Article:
4. Obtain an approval letter from the California Department of Education (CDE).
  5. Procure a cost estimate/cost benefit analysis that determines if repair or replacement of the facility is necessary.

Once these items have been obtained, the District can request the funds through application to the Office of Public School Construction (OPSC). Within 120 days of a completed application, the District should be on a State Allocation Board (SAB) meeting agenda for approval of funds.

Deceptively simple, right?!? In actuality, the process takes time because the requirements take time. Completing a report includes site visits and the potential for exploratory demolition to determine the extent of damage. It includes mitigation measures and drawings that go with those mitigation measures, which the design professional needs time to complete. Approval at DSA requires scheduling, review time and comments that need to be resolved prior to approvals. These items combine to create a process that takes months and can cause frustration and annoyance, but ultimately resolves unsafe or harmful school facilities.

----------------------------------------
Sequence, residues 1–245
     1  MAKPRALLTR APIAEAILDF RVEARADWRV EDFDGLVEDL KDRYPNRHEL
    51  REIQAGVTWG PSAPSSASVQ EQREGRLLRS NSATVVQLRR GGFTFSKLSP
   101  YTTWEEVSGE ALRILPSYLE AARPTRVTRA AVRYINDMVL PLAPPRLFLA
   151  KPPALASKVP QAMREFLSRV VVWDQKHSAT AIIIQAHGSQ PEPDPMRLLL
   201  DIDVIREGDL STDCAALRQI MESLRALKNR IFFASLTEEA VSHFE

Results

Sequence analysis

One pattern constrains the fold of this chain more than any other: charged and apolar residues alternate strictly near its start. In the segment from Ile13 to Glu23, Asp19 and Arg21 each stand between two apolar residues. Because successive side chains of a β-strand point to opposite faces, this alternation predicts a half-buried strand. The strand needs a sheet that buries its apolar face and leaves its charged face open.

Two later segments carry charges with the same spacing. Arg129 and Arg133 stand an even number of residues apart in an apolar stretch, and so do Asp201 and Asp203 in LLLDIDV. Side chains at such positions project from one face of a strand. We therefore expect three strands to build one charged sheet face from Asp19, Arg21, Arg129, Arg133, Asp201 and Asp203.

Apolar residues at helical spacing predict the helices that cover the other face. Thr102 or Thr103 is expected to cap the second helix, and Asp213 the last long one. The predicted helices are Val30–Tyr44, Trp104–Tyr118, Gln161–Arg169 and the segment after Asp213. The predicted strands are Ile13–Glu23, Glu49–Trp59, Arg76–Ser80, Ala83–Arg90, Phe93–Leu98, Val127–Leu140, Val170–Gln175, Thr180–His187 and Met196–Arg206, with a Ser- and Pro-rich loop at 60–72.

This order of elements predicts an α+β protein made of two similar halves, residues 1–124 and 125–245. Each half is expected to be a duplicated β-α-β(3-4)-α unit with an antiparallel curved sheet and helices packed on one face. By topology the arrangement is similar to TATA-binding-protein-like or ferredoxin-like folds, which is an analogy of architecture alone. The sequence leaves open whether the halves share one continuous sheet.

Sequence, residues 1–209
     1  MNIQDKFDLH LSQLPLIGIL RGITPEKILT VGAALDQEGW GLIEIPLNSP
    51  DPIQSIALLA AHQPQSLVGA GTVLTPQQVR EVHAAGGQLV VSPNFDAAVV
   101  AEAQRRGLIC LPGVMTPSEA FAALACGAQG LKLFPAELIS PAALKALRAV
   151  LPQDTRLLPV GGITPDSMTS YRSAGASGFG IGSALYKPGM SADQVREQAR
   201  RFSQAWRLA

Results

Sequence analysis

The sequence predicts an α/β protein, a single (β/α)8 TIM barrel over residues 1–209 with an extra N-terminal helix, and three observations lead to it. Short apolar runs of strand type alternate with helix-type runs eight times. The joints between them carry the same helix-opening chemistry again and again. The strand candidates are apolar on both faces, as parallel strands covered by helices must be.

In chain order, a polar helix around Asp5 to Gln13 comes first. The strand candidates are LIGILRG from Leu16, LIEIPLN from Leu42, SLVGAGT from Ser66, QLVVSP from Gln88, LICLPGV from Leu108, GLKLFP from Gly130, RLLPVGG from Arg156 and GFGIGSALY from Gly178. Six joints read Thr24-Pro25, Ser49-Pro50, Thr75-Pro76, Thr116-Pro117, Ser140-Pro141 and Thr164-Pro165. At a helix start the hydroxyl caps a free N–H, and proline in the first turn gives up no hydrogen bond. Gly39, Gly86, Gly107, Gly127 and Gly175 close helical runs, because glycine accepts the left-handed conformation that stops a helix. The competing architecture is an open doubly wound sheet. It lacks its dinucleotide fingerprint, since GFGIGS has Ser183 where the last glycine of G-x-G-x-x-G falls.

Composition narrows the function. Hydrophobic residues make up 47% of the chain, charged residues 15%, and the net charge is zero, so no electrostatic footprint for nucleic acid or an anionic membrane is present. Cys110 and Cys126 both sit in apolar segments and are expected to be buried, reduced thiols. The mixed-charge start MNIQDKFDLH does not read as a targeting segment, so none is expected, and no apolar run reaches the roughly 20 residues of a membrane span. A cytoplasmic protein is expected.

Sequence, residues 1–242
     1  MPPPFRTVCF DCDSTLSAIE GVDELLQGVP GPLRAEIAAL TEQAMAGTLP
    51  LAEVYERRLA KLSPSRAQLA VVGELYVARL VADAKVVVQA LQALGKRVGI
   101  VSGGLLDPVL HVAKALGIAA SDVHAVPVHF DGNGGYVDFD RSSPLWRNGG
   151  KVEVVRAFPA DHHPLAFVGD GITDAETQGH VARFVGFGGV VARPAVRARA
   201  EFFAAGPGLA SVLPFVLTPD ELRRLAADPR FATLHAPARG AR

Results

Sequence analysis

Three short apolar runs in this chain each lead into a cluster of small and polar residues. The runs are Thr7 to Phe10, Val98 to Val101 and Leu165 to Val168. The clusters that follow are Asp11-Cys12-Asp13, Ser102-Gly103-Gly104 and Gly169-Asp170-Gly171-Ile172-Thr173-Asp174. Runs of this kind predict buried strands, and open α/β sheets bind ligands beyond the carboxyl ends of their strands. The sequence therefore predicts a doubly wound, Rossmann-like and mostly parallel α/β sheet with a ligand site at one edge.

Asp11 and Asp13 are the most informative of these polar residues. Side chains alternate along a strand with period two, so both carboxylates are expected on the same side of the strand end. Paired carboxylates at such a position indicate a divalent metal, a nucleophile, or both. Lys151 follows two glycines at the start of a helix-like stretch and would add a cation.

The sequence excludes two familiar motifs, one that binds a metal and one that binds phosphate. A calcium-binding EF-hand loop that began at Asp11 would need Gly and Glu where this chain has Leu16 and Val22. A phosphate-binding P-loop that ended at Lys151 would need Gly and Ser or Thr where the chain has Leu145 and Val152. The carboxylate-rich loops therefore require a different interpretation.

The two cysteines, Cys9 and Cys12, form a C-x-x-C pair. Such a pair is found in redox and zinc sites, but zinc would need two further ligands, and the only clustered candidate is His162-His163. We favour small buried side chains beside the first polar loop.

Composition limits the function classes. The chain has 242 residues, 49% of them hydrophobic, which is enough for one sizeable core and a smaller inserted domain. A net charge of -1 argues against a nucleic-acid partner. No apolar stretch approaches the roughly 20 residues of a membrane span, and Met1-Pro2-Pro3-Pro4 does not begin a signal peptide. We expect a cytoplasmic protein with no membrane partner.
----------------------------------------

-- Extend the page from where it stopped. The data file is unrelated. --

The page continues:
Some important items to note to maximize funding:

  • Document the Damage. If the facility’s damage has not been documented, there is no way to fund the replacement of those items at OPSC. Obtaining as-builts, DSA-approved documents, photos (lots of photos!) that document the facility prior to damage is so important.
  • Be Clear & Specific. When the design professional is documenting the mitigation measures, including any additional demolition, make sure the notes are specific (as opposed to general comments), so funding can be obtained for those items. For example: A comment that states demolish all fire alarm work for replacement is not sufficient. Instead, show the devices and label the wiring to be removed. This allows OPSC to be able to price the work.